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Critics reviews
Zero Days
Alex Gibney United States, 2016
The documentary Zero Days by Alex Gibney is, on the level of content, an extremely important film that I hope will be widely seen.
July 18, 2016
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With Taxi to the Dark Side, Going Clear and other impressive titles to his credit, Alex Gibney has established himself as an incredibly prolific and gifted documentary-maker who is also extraordinarily courageous: he goes where other filmmakers dare not go. But his latest, Zero Days, almost belongs in a category by itself. Easily the most important film anyone has released this year, it is a documentary that deserves to be seen by every sentient citizen of this country – and indeed the world.
July 08, 2016
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Naively perhaps, Gibney wonders when the great powers will cop to cyber-trickery such as Stuxnet and begin to put in place rules to govern its use. All wars have rules — at least they used to — and Zero Days aims to inspire something more high-minded than the current mantra of both the bad guys and the good: Do What You Can Get Away With.
July 08, 2016
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It’s natural that two of our most talented and adventurous filmmakers, Gibney and Mann, [in Zero Days and Blackhat, respectively,] would take up the challenge of depicting how virtual manipulation can lead to physical destruction. These filmmakers stumble partly because they can’t cut a clear course through uncharted waters or overcome the visual and dramatic monotony of the digital universe, no matter how fancy and insistent their CGI effects.
July 07, 2016
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Gibney embraces the well-worn clichés of the espionage thriller, only they don’t bring a hint of levity to the proceedings. Like much of the filmmaker’s earlier work, Zero Days remains as serious as a heart attack and every bit as grim.
July 07, 2016
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Zero Days’ recurring interview with New York Times correspondent David Sanger mostly inspires the desire to read Sanger’s articles, rather than listen to him recite an extemporaneous précis of them. There was no compelling reason to make a Stuxnet documentary, apart from Gibney’s apparent need to be making a documentary at any given moment. Isn’t it time for this dude to take a well-earned vacation?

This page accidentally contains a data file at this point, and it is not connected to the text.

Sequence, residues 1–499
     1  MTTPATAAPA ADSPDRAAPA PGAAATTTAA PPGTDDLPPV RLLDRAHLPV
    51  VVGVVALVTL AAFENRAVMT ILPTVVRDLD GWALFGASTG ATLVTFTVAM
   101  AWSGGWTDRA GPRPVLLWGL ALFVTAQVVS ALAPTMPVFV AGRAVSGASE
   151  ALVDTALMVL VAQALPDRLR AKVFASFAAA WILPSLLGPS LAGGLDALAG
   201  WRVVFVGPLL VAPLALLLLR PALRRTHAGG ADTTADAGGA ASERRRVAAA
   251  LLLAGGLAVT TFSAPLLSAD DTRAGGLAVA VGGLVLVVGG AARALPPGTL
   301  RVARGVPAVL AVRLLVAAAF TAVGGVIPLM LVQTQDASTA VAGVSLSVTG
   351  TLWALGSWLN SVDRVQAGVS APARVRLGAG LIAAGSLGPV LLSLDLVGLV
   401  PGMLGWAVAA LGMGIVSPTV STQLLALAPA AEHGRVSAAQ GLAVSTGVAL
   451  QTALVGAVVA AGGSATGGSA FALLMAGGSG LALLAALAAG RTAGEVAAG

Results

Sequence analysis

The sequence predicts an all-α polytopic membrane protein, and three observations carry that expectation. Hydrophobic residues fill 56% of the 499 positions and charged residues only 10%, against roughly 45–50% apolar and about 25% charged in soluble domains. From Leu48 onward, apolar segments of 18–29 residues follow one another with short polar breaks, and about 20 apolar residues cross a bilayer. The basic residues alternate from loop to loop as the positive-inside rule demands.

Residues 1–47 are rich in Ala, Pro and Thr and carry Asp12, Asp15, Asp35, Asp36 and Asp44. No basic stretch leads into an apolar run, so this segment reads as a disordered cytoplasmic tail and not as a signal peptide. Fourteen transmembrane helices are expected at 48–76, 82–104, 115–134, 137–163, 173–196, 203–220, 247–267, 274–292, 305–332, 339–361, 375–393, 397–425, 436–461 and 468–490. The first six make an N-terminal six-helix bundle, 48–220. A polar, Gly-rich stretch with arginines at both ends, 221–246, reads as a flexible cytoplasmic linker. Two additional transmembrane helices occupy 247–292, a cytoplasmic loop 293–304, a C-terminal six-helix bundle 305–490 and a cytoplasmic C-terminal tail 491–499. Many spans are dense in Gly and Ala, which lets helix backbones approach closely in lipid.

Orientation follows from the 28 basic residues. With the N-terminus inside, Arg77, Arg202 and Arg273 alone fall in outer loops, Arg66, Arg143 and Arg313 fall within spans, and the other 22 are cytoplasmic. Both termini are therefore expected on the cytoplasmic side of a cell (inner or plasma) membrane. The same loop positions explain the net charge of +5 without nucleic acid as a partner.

July 06, 2016
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It casually turns from a ballsy investigative documentary on cyber warfare and secret service cabals into a rumination on the nature of reality in the digital age.
April 29, 2016
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Alex Gibney’s latest doc could not be more different from Rosi’s Golden Bear-winner; it’s fast-paced, cleverly edited, packed with assertive talking heads, and peppered with eye-catching graphics… It’s a complicated subject, but Gibney certainly manages to convey the sheer scary scale of the threat we all face from cyber warfare.
February 26, 2016
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While the urgency of the message emerges powerfully, the details are often hard to absorb, as Gibney skips from political information to technical specs… Talking heads zip by in quick succession, and by the end, just as the film calls for moderation and caution in pursuing computer war, you end up feeling that lucidity could similarly be useful for documentarists dealing with such byzantine cyber-complexities.
February 17, 2016
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What Zero Days lacks in subtlety and formal innovation, however, it compensates for in breadth and lucidity. Gibney once again enlists a truly impressive roster of interviewees, including senior officials of agencies such as the NSA and CIA, and packs a staggering amount of information into two hours, all of it communicated in clear and accessible terms.
February 17, 2016
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